Association between cervical shedding of herpes simplex virus and HIV-1.
ABSTRACT To investigate the association between the cervical shedding of herpes simplex virus (HSV) and HIV-1.
A cross-sectional study on 200 women seropositive for both HSV-2 and HIV-1 was conducted in a family planning clinic at the Coast Provincial General Hospital, Mombasa, Kenya.
Quantities of HSV DNA (types 1 and 2) and HIV-1 RNA as well as the presence or absence of HIV-1 proviral DNA in cervical secretions were determined and compared.
There was a significant correlation between the quantities of HSV DNA and HIV-1 RNA in the cervical secretions of HSV-shedding women (Pearson's r = 0.24, P = 0.05). A 10-fold increase in the quantity of cervical HSV DNA was associated with 1.35-fold higher cervical HIV-1-RNA levels (95% CI 1.00-1.81; P = 0.05), and with 1.36-fold greater odds of detection of HIV-1 proviral DNA (95% CI 1.05-1.75; P = 0.02).
Higher levels of cervical HSV were associated with higher levels of expressed HIV-1 and with the more frequent detection of HIV-1-infected cells in cervical secretions. Prospective studies are needed to explore further the association between non-ulcerative cervical HSV reactivation and HIV-1 shedding. Such a relationship may have important implications for interventions designed to slow the spread of HIV-1.
Article: Strategies for global HIV prevention[Show abstract] [Hide abstract]
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ABSTRACT: Alcohol abuse is a widespread problem among those at risk for and living with HIV and can impact transmission and disease progression. In this study we sought to use the SIV-macaque model to evaluate the immunological and virological changes in the genital microenvironment of females exposed to chronic alcohol. Female rhesus macaques were treated with alcohol (n=6) or isocaloric sucrose (n=6) for three months and then inoculated with SIVmac251. To assess the effects of chronic alcohol on SIV disease and the genital microenvironment, we quantified plasma and genital SIV levels, measured inflammatory cells in genital fluids, and characterized microbial flora by Gram stains over 10-weeks post-SIV infection. Following three months of alcohol/sucrose treatment, significant differences were observed in the vaginal microenvironment of alcohol treated animals as compared to controls. Microbial flora of alcohol-treated animals had decreased levels of lactobacillus morphotypes and increased levels of gram-positive cocci relative to sucrose-controls. Alcohol-treated animals were also more likely to have white blood cells in vaginal fluids prior to SIV-inoculation, which persisted through viral set-point. Similar levels of cell-free SIV were observed in plasma and vaginal fluids of both groups, but alcohol-treated animals had higher incidence and levels of cell-associated SIV shed in vaginal secretions. Chronic alcohol treatment negatively impacts the genital microenvironment prior to and over the course of SIV infection and may increase the risk of genital virus shedding and transmission.AIDS Research and Human Retroviruses 06/2014; DOI:10.1089/AID.2014.0065 · 2.46 Impact Factor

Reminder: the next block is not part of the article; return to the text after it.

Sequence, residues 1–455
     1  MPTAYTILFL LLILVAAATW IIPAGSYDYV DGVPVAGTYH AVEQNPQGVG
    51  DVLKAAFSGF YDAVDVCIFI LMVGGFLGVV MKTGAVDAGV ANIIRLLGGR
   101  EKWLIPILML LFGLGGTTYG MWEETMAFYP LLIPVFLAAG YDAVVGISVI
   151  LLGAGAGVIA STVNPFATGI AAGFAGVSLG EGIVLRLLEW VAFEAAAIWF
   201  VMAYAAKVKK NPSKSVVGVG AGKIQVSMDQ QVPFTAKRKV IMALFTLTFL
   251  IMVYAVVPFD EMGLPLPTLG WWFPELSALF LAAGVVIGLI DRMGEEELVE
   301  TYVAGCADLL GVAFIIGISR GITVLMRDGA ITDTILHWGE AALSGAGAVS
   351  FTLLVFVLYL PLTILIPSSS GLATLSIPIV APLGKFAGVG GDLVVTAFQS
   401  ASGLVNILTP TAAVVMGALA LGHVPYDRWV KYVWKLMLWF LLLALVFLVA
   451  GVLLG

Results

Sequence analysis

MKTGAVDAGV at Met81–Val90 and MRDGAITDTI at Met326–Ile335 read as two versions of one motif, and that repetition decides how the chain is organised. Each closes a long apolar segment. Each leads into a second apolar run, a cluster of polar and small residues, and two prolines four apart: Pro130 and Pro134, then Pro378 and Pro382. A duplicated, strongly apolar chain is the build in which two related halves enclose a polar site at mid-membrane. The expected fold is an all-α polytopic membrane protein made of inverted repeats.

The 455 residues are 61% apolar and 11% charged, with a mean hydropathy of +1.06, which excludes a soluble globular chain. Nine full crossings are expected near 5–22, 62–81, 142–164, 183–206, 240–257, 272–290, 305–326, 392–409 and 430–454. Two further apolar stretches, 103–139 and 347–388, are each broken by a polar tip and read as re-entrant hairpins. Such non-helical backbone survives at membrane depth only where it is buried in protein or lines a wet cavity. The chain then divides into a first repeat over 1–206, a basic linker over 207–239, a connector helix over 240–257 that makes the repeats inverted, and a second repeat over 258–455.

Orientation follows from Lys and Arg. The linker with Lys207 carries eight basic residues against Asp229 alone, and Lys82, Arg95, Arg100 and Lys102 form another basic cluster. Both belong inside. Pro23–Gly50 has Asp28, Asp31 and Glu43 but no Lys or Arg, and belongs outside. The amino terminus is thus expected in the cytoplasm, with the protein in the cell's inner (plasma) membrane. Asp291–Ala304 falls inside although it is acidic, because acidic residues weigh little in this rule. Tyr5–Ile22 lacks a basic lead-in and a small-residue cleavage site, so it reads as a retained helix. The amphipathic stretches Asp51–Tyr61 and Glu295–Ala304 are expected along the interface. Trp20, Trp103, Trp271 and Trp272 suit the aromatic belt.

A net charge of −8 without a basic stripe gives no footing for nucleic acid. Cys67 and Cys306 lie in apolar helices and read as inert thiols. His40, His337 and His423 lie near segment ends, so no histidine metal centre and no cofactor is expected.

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ABSTRACT: Human immunodeficiency virus (HIV)-infected leukocytes have been detected in genital secretions from HIV-infected men and women and may play an important role in the sexual transmission of HIV. However, they have been largely overlooked in studies on mechanisms of HIV transmission and in the design and testing of HIV vaccine and microbicide candidates. This article describes the characteristics and quantities of leukocytes in male and female genital secretions under various conditions and also reviews evidence for the involvement of HIV-infected cells in both horizontal and vertical cell-associated HIV transmission. Additional research is needed in this area to better target HIV prevention strategies. © The Author 2014. Published by Oxford University Press on behalf of the Infectious Diseases Society of America. All rights reserved. For Permissions, please e-mail: firstname.lastname@example.org.The Journal of Infectious Diseases 12/2014; 210(suppl 3):S609-S615. DOI:10.1093/infdis/jiu390 · 5.78 Impact Factor